There are, nonetheless, a few lingering doubts I have about the film. The first is the animation itself. Some of it is gorgeous, like the opening sequence in the rain, but much of it looks ordinary. Gone are the beautiful, photorealistic backgrounds of Disney's three earlier full-length animations, replaced by little or no backgrounds at all. Well, I understand that this was one of Disney's lowest-budget films, so I suppose something had to go.

The second thing I found wanting was the music. This is ironic and undoubtedly peculiar to me alone since the movie won an Academy Award for its musical score, and its big number, "Baby Mine," earned an Oscar nomination. Still and all, there's nothing in it to compare to "When You Wish Upon a Star," "Heigh-Ho," or "Some Day My Prince Will Come." Among the songs in "Dumbo," in addition to "Baby Mine," are "Casey Junior," "Song of the Roustabouts," "Pink Elephants on Parade," and my own preferred, "When I See An Elephant Fly." The latter is sung by the five black crows, a group that has an uneasy racial stereotype about them that in today's world the Disney Company might have given second thoughts to.

For the sixtieth anniversary of "Dumbo," Disney give us a bonus-laden DVD. But don't expect the kind of re-cleaned, restored, remastered picture we find on the "Snow White" disc. While the image quality for "Dumbo" is crisp, the outlines of the figures sharp, the detail vivid, and the colors bright, there's a good deal of grain throughout the film and the occasional age speck, too. What's more, the screen sometimes shows evidence of slightly flickering light and dark areas. Most viewers and especially kids will hardly notice these things, but videophiles may not find the perfection they're looking for.

The audio track is a Dolby Digital 5.1 remix that spreads the original sonics across the speakers, appearing a lot like a narrow stereo or an expanded mono. The result is pleasing and sounds a lot like the audio work Disney did on "Snow White."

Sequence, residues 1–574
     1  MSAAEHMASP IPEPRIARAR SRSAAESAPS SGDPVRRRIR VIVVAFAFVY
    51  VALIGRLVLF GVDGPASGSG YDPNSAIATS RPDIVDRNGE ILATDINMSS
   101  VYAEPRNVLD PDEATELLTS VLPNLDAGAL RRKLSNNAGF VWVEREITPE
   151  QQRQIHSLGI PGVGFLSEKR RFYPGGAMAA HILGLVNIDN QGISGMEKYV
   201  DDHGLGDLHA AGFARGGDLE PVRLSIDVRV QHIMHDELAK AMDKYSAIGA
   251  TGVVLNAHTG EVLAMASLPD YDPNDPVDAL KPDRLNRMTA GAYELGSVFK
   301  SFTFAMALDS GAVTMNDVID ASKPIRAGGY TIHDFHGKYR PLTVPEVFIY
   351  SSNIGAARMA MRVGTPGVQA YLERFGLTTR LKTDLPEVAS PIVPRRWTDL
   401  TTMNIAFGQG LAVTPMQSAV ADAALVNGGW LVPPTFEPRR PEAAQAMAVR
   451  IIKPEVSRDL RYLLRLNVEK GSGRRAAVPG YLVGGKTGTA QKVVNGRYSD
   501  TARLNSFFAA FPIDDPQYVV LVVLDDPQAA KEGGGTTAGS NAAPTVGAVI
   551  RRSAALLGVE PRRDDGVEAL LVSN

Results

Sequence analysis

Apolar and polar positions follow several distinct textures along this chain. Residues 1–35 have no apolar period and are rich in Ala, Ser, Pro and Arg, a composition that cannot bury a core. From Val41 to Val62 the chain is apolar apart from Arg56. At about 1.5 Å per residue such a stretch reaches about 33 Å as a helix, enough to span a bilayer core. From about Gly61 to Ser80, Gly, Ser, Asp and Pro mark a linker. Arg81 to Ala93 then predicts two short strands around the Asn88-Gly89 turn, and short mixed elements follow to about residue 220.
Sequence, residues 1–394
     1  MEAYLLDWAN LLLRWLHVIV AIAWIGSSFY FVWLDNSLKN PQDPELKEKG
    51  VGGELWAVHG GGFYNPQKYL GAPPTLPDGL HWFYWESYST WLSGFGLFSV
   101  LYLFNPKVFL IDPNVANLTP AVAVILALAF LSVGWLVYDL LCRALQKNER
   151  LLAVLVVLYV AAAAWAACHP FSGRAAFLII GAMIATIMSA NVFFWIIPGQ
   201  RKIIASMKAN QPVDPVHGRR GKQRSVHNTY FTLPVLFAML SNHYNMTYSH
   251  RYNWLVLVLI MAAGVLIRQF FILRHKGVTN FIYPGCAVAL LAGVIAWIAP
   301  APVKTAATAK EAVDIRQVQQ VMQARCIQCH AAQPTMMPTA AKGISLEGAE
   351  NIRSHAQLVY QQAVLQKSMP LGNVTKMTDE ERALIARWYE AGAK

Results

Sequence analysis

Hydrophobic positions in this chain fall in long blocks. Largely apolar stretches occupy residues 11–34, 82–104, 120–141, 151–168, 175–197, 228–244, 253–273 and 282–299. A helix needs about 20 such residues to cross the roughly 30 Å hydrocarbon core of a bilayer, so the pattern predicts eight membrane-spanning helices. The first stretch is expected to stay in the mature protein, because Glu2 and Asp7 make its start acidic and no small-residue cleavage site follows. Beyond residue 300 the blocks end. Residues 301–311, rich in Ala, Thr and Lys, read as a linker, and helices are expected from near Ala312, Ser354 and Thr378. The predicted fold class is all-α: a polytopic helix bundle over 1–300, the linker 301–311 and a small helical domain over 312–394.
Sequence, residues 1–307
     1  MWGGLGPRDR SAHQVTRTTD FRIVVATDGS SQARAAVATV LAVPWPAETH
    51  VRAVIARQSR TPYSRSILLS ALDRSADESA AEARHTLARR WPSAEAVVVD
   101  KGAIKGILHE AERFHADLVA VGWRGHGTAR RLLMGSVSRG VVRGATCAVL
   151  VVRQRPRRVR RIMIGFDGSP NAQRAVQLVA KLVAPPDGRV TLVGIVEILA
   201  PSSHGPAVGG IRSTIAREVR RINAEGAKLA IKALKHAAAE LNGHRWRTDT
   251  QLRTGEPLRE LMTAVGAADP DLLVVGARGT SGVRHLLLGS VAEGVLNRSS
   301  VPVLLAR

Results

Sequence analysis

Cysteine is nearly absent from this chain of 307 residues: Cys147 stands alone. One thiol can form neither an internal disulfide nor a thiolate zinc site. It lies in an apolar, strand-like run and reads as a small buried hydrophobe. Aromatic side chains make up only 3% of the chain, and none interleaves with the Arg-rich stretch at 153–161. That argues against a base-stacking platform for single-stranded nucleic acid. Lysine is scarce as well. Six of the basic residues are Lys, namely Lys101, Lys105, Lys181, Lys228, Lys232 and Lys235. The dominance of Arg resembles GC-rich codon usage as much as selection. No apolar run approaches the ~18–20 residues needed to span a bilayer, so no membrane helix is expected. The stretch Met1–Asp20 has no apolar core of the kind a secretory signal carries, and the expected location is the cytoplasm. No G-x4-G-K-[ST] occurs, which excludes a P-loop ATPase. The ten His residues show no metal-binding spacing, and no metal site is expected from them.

For extras, there are bundles. The first, and for me the most interesting, is a commentary track with animation historian John Canemaker. He's a rather straight-faced fellow but provides a wealth of background information on the film. Next, there's a music video of the Oscar-nominated "Baby Mine" with Michael Crawford. Then, there are two animated short subjects, "Elmer Elephant" and "The Flying Mouse" to further entertain the youngsters in the house. For those so inclined, there's Uncle Walt's original TV introduction to the film. In addition, there are Sing-Alongs of "Look Out for Mr. Stork" and "Casey Junior," plus an exclusive look at "Dumbo II," which is in production. Finally, there is a gallery of "Dumbo" art; a featurette on sound design, "Creating the Voice of Casey, Jr."; various publicity and DVD-ROM materials; and seventeen chapter selections. English, French, and Spanish are provided for spoken languages, with English captions for the hearing impaired.

Parting Thoughts:
After the experimentation Disney did in "Fantasia," some viewers will be glad that in "Dumbo" Disney got back to his roots with a genuinely charming, innocent short feature. Nevertheless, I still find the daring "Fantasia" a more rewarding overall experience. But I'm an adult, not a kid, and for a kid, "Dumbo" is hard to beat.


Film Value